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Praise Song For My

Grace Nichols
Background – Grace Nichols
 Grace Nichols is a Guyanese poet. She
was born in Georgetown (a small
coastal village), Guyana, in 1950. After
working in Guyana as a teacher and
journalist, she immigrated to the UK
in 1977 at the age of 27

 Much of her poetry is characterised by

Caribbean rhythms and culture, and
influenced by West Indian folklore.
She often incorporates cultural
displacement, elements/nature and
embracing diversity
Praise Song

 The Praise song originated from West

Africa. It is created to celebrate and
appreciate the life of a person.

 In this case, Nichols appears to be

celebrating the life of her mother. The
title of this poem also sets a cultural
Stanza 1
You were
water to me
deep and bold and fathoming

 “were” is in past tense. This suggests that the speaker’s mother was an
ever present figure in her life, and that now she is no longer there with
 “water” – water is a basic need for survival. Shows that her mother was
someone that was essential and surrounded her life
 The last line uses adjectives to show appreciation: “deep and bold and
fathoming” - her mother was understanding of her, had depth, was
Stanza 2
You were
moon’s eye to me
pull and grained and mantling

 “moon” – a sacred image that is a symbol for her mother, she was gentle
in nature, caring and motherly. “eye” shows that she always watched out
for her
 “pull” –the pull her mother had on her and the influence she had on her
as a child
 “grained” – reference to seeds. She has grown and has been nurtured as
a seedling in her mother’s care
 “mantling” – connotations of her mother being part of her foundation
and her life, shows stability
Stanza 3
You were
sunrise to me
rise and warm and streaming

 “sunrise” – her mother was there at the start of every new day, also
could be a reference to birth which shows how pivotal woman are
 “rise” – gave her confidence, raised her up and gave direction
 “warm” –was a temperate person, trusting, loving
 “streaming” – her love for her was unconditional, constant, always
Stanza 4
You were
the fishes red gill to me
the flame tree’s spread to me
the crab’s leg/the fried plantain smell
replenishing replenishing

Go to your wide futures, you said

 “the fishes red gill” – a fish’s gill is vital for its survival; in this way her mother
was someone she always depended on
 “the flame trees spread to me” – gave her shelter and protection, also symbolizes
life and growth
 “the crabs leg/the fried plantain smell” – her mother provided her with food and
nourishment, creates a mood that is homely
 “replenishing” – gave her life, fulfilment, nurturing
You were  The first three stanzas are organized in a
water to me
deep and bold and fathoming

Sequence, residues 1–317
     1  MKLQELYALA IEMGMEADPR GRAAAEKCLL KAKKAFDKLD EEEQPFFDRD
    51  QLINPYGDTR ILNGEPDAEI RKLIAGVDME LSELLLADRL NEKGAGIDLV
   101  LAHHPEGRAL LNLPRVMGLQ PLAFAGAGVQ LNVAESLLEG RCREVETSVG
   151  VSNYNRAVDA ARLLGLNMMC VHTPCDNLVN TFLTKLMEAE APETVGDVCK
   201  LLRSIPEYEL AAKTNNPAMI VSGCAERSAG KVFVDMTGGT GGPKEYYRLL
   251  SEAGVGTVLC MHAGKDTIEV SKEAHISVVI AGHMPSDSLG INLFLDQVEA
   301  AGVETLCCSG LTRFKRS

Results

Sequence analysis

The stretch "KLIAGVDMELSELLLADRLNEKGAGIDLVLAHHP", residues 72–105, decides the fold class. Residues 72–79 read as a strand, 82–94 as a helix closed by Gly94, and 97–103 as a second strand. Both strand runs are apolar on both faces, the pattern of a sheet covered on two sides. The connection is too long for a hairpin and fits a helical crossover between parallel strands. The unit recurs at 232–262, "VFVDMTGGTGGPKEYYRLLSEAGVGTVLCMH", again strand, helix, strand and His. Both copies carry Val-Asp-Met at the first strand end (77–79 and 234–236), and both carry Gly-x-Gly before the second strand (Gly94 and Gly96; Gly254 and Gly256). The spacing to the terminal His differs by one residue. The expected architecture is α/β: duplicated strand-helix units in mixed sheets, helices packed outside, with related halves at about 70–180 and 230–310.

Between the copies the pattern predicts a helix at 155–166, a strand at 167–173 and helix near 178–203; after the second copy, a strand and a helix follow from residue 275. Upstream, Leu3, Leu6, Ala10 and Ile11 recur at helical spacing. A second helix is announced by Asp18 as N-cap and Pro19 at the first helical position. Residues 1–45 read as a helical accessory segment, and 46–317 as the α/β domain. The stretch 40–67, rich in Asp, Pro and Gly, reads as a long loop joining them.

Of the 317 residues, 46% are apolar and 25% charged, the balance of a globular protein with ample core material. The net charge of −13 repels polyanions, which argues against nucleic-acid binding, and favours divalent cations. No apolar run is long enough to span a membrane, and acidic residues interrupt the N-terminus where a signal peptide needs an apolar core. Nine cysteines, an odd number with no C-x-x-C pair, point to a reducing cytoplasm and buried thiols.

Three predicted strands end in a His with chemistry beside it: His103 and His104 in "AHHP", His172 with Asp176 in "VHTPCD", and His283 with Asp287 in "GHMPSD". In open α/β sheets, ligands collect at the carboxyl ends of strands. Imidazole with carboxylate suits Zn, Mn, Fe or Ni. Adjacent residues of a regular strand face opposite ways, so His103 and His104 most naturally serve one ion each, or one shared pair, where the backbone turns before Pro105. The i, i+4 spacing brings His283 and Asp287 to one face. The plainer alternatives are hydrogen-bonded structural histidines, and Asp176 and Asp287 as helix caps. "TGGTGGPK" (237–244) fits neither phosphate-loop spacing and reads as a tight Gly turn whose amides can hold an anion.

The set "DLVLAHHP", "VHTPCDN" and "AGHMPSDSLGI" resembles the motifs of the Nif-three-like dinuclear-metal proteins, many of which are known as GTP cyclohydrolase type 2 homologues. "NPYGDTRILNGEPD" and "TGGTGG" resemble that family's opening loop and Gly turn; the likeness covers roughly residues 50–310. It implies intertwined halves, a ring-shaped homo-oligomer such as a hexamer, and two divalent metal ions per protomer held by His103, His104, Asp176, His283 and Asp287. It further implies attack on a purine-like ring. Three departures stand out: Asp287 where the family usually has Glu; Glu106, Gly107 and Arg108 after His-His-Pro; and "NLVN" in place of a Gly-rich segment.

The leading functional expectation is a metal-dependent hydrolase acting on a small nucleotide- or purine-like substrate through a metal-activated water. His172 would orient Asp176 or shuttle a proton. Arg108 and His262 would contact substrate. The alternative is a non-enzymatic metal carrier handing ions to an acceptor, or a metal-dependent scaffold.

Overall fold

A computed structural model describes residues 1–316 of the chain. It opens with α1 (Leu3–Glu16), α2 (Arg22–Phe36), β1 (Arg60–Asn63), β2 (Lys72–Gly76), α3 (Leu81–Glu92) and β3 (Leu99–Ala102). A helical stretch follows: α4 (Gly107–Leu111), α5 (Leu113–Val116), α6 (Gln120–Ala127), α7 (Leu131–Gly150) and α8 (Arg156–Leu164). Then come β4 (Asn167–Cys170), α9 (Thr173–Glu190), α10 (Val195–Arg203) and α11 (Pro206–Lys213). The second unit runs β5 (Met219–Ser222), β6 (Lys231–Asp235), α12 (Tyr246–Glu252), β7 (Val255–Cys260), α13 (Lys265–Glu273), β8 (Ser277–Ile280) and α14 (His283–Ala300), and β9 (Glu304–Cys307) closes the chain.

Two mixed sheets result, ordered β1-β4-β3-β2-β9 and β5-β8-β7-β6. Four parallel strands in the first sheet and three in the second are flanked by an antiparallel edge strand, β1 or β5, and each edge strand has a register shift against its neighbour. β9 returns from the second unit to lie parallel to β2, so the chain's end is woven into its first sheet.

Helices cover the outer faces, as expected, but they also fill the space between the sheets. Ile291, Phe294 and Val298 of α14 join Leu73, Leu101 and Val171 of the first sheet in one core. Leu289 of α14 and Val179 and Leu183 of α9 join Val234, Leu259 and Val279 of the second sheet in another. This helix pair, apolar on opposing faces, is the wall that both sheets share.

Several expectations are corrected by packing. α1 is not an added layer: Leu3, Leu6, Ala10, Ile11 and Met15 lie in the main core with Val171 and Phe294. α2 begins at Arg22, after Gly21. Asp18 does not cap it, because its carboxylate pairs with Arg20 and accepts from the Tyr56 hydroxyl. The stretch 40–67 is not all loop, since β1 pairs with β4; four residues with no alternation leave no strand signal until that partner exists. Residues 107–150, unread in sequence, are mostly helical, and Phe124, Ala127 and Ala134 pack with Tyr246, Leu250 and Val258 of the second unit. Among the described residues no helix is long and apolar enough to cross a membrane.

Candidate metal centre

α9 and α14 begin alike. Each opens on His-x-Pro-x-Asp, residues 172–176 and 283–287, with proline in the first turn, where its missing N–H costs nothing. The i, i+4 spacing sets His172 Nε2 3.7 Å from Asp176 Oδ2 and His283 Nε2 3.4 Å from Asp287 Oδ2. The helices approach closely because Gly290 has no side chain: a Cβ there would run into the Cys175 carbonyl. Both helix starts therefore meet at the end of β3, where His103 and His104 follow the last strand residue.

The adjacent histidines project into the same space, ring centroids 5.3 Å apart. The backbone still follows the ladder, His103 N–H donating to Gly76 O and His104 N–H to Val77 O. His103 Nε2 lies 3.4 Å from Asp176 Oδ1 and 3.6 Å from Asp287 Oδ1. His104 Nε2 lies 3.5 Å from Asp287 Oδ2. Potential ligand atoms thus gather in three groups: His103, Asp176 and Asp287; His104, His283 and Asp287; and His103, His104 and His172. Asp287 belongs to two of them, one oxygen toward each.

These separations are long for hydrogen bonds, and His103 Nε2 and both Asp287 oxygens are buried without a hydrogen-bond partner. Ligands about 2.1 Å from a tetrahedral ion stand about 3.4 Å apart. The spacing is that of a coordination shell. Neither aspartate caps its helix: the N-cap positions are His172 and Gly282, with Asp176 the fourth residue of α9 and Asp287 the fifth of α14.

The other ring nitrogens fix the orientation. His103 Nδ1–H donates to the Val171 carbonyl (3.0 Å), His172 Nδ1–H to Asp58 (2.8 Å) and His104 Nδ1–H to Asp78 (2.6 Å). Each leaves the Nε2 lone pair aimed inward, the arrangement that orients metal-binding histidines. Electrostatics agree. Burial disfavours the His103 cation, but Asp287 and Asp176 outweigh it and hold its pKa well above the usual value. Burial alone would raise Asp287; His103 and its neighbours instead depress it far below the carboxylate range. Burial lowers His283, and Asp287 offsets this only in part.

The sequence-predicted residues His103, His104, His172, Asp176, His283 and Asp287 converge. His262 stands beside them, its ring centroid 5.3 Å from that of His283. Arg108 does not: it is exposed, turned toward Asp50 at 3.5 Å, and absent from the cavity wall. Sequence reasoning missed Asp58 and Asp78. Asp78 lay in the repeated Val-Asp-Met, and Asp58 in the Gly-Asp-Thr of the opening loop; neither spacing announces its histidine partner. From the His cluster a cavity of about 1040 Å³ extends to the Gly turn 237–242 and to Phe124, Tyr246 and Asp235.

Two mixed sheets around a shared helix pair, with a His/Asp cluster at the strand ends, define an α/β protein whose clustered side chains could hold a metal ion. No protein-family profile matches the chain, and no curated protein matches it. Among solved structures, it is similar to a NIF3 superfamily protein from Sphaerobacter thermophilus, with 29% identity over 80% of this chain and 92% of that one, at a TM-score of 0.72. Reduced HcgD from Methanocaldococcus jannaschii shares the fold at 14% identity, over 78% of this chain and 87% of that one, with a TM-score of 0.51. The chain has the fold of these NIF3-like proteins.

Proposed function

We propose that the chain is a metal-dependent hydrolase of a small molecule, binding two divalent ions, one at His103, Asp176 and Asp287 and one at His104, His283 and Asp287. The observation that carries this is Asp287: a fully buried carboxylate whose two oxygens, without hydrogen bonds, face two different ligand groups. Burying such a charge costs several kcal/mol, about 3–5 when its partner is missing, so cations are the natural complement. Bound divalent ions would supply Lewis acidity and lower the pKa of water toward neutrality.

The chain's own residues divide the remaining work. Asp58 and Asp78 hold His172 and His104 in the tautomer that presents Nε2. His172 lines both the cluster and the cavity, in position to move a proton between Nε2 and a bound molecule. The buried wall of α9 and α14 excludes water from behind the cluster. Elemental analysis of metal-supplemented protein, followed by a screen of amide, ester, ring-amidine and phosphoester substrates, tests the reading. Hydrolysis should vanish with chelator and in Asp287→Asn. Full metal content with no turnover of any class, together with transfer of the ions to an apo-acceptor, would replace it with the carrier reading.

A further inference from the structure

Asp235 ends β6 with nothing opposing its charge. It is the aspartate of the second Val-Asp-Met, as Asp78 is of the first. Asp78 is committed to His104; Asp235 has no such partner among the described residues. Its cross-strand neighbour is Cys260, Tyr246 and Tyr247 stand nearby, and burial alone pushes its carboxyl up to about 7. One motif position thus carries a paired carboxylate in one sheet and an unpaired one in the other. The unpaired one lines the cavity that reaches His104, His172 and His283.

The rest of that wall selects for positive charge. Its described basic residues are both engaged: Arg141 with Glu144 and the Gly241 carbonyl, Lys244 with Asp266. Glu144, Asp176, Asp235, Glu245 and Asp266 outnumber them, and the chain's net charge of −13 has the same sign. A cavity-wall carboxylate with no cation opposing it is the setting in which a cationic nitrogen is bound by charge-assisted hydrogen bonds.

stair-like structure with mostly the
same number of syllables (2,4,7). The
You were uniform structure reflects stability in
moon’s eye to me childhood.
pull and grained and mantling
 The final stanza changes with an extra
You were line that interrupts the pattern – this
sunrise to me breaking down could show how the
rise and warm and streaming
speaker is at the end of childhood, and
You were
is now going into adulthood. It could
the fishes red gill to me also suggest that there has been a
the flame tree’s spread to me change in the relationship with her
the crab’s leg/the fried plantain smell mother, as adulthood leads to different
replenishing replenishing
treatment and a lack of structure.
Go to your wide futures, you said
Language Features
Repetition of “You were” emphasizes how her mother was an important figure in her life by being there
every day to support her.

The metaphors that Nichols uses to describe the importance of her mother are all drawn from the
physical world – the things that surrounded her in her childhood:
‘water’, ‘moon’, ‘sunrise’, ‘fishes’, flame tree’, ‘crab’ and ‘plantain’. These can also represent the cycle of the
days, shade and sustenance, all of which are contained in the idea of motherhood. It shows that her
mother was as essential to her in her life as the moon/sun/water are to living.

Contrast between the memories of the surroundings of childhood and ‘wide futures’ at the end of the
poem helps us recognize the change the speaker has gone through from childhood through to the
transition to adulthood, becoming an independent person
 First 3 stanzas refer to past memories of the poet and the role her mother had
as she was a child which produces a reminiscent tone
The steady rhythm in these stanzas makes it relaxed to show how the poet’s
childhood was stable

 Last stanza there is a change of mood with the disruption of the steady pattern
of the poem- moves from the relaxed mood to unsteadiness and confusion.
This hints that it is the time when she steps out on her own, it is not the same
as it was before which emphasizes the importance of her mother being present
in her life.
 Childhood, Motherhood

 Realises and understands the importance of her mother’s role in her life and
that she was a positive role model for her.
 Readers may be able to appreciate the pivotal role of their own family members
in their lives too.
 The pattern of the short stanzas on the page, through shape and repetition, also
establishes the poem’s identity as a song. Nichols chose this form to reflect her
own traditional culture and her childhood, signify and emphasise her heritage
and ancestry

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